I get it, Danny, but why not? It's a way to pump (and pull*) modestly heated air into the place where the fan will suck it in. Probably not as good as stock but maybe better than doing nothing?

Cardboard tells me it could work as planned, mechanically speaking. Whether it would make any difference to the engine, good or bad, is another matter.

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*my theory is the flap, pulled just beyond horizontal, will cause the fan air to Bernoulli the rising, exhaust tube-heated air up and into the engine bay as well, effectively (or not-very effectively?) transforming the 3-4 exhaust pipes into a cheap and cheesy heat exchanger. 

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edsnova posted:

I get it, Danny, but why not? It's a way to pump (and pull*) modestly heated air into the place where the fan will suck it in. Probably not as good as stock but maybe better than doing nothing?

*my theory is the flap, pulled just beyond horizontal, will cause the fan air to Bernoulli the rising, exhaust tube-heated air up and into the engine bay as well, effectively (or not-very effectively?) transforming the 3-4 exhaust pipes into a cheap and cheesy heat exchanger.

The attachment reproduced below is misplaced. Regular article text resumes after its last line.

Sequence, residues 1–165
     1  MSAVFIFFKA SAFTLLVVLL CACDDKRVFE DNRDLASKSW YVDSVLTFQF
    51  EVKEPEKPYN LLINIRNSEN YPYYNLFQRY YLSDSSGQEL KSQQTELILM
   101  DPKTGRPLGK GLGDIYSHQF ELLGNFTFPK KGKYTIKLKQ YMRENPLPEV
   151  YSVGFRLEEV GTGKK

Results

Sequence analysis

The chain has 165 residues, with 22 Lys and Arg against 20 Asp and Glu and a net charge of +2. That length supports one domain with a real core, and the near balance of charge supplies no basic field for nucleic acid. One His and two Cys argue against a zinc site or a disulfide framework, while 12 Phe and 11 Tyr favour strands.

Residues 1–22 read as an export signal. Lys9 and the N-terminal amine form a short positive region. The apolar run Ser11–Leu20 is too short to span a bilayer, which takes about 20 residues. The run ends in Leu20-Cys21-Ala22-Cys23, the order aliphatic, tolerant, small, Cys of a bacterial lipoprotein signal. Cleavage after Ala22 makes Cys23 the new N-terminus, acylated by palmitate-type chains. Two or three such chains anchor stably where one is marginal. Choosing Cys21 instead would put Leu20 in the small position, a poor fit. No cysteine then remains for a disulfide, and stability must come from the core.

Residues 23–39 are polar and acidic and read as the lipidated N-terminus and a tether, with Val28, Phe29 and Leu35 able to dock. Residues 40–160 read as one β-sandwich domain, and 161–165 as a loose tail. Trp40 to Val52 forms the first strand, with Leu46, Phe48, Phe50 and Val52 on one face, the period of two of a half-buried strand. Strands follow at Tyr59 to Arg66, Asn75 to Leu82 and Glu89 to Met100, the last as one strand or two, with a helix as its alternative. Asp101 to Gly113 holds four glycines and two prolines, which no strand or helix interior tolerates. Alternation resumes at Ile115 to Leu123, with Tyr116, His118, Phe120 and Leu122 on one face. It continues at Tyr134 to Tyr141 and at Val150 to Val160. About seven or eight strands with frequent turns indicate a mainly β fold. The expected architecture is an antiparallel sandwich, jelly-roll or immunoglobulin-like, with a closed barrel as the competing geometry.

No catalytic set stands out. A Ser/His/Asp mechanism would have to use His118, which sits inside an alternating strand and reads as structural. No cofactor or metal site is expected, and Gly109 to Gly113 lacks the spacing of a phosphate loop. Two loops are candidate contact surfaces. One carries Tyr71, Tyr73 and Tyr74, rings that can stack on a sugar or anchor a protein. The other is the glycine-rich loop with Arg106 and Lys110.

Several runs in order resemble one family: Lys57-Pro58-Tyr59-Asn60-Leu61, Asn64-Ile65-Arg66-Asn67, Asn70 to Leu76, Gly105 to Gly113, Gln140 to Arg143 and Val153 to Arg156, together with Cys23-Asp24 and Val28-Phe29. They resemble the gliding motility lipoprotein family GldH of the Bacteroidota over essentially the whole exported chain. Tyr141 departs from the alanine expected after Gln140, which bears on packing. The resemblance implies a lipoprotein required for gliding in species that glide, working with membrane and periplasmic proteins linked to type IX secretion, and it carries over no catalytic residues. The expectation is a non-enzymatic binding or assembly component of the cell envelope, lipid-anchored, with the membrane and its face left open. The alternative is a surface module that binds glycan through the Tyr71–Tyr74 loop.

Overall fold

I'm not seeing how the air would be even modestly heated when the engine is cold.

If the engine is cold enough for any of this to matter, it'll be cold enough for the oil to be bypassing the cooler. The cooler won't have hot oil circulating through it, so the air would be pretty much the same temperature coming out as it was going in.

As for the Bernoulli effect on the exhaust, I suppose that's possible, but I would also suppose the effect to be really, really minimal.

I'm wondering (in a Spyder, especially) why any of this matters. If you are operating the car, it's warm outside. If it's warm outside, and the engine is even modestly hopped up, it'll make more than enough heat eventually. If you are trying to prolong the life of an engine that will certainly see less than 4000 mi/yr of action, then you are worrying that the engine might need to be rebuilt in 2040 instead of 2045 (and that is being generous).

If you want to do it because you want to do it-- then I completely understand that.

Carry on.

Well, Stan, 30 seconds after startup those headers are waaay too hot to touch. Hot air wants to rise. But...

You guys are right: It's a bridge too far and at least a misdemeanor violation of the KISS principle. It's long past time I wrapped this project up. I'll just duct it down and out and let the N.O. worry about not having thermostatic control during warm-up. 

Thanks for your kind and experience-inflected advice. 

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